The life of an army aviator wasn’t easy because their ships were reliable and yet not at all reliable. We were then just out of the era of the biplane and still figuring out multi-engine aviation. Here’s something else to think about: When TWA Flight 3 took off into the Las Vegas darkness on this night, January 16, the 15 fliers sat there in the noise analyzing climb rate and engine performance. They could feel the overweight ship laboring to reach altitude because this is what they did for a living—they flew multi-engine planes. And since they were flying out of McCarran, an army airfield, they all knew Vegas and the dangers of the surrounding mountains and must have been wondering where those damn peaks were. But some of them also knew the pilot, Capt. Wayne Williams, because he had been teaching classes for the Army in multi-engine flying so they’d figure, with Capt. Williams up there, we’re OK.
They weren’t OK. A whole bunch of little things happened along the way that conspired to put Mt. Potosi in the way of Flight 3 as she power-climbed to altitude. The result: fireball—the image in my mind for years as I’d fly through Vegas and look over at Potosi and imagine what the people of Las Vegas witnessed in the western sky this night at about 7:30 local time. From 30 miles off they saw a little pinpoint of light that represented 22 humans going up in flames. I’m very fond of, and feel close to, all of them, not just Carole, Petey, and Otto, and on this January 16, with the trees barren and the sky appropriately gray, I’ll look at my watch and think about where they were and what they were doing on this, the last day of their lives.
You won’t be alone in your thoughts this day, Robert. Thank you for the lovely tribute to those beautiful souls.
After reading your book and Warren G. Harris’ “Gable and Lombard” I have thought often about Carol and what she meant to the film community and to her fans when she perished that tragic night; and of course, what really did happen? The facts that you shared in your book after years of thought and research ring true to me – a combination of navigational errors and oversights as well as the glare on that windshield from the lighting inside the cockpit likely contributed to the crash. I’d like to add a point of fact, followed by a theory, to underscore your conclusion. Williams and his co-pilot spotted that mountain perhaps only 5 to 8 seconds before impact, at which time they immediately attempted to steer the plane hard right, since they apparently couldn’t bring it up over the mountain, or go sideways far enough, through that saddle. Your research and the observations of countless others points to the left wing tip striking Mr. Potosi first, leaving a mark on the rock to this day, and barely a micro second later the front side of the plane and left motor, were the first portions of the plane to impact. That explains why they could not recover Carol’s left arm, which was likely pulverized. This makes it conclusive in my view neither pilot suicidally tried to fly the plane into the mountain, as was speculated during the inquiry, and left as an open question. The pilots heroically tried to bring that plane through the saddle opening, as a last futile attempt to avoid the cliff.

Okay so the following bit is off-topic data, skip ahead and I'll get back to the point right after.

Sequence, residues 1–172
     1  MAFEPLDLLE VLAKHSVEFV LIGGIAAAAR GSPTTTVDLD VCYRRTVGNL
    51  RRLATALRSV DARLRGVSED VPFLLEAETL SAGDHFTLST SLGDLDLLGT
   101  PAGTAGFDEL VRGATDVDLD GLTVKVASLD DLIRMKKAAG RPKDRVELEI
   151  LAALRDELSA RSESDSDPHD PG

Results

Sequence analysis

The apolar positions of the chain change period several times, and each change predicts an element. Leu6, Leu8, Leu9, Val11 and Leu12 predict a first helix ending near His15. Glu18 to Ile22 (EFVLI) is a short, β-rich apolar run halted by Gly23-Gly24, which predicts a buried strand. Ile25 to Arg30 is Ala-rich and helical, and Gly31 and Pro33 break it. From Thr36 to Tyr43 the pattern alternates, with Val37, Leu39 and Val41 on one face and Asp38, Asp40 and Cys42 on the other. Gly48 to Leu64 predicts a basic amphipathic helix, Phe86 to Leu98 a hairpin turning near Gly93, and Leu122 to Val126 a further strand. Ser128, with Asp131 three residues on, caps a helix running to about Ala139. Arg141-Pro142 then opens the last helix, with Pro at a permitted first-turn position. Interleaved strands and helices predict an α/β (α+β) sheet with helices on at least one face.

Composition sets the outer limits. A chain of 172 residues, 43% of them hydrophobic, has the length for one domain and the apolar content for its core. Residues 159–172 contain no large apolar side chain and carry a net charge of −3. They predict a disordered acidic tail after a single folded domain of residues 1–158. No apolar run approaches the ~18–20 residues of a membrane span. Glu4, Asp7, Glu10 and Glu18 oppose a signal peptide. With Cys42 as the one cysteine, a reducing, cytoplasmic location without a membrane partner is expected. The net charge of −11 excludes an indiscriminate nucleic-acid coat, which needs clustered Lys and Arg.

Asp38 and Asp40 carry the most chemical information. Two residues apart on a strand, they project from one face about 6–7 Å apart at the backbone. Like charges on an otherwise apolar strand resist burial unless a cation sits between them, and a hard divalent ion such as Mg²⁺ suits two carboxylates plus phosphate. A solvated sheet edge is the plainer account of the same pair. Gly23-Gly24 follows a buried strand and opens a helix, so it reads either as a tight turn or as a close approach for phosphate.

Thank you, Robert, for this poignant tribute to Carole and all the passengers of TWA’s Flight 3.
It’s hard to believe it has been 74 years since that fatal night. And thanks to your excellent book, Carole and Flight 3 will not be forgotten. Remembering Carole this night.
I just want to thank you for writing Fireball. I have not read such a gripping tale in a long time. I knew how it would end, however I always hope Lombard will somehow take the train. I’ve read other biographies on Lombard and the plane crash is always a rushed footnote.
I also love the way you brought Lombard to life. She is always portrayed as the ultimate glamour girl/clown with barely a flaw. After reading the book I feel like I can smell Lombard’s cigarette smoke, feel the nervous energy and the sheer cold of that January night on that bumpy noisy plane.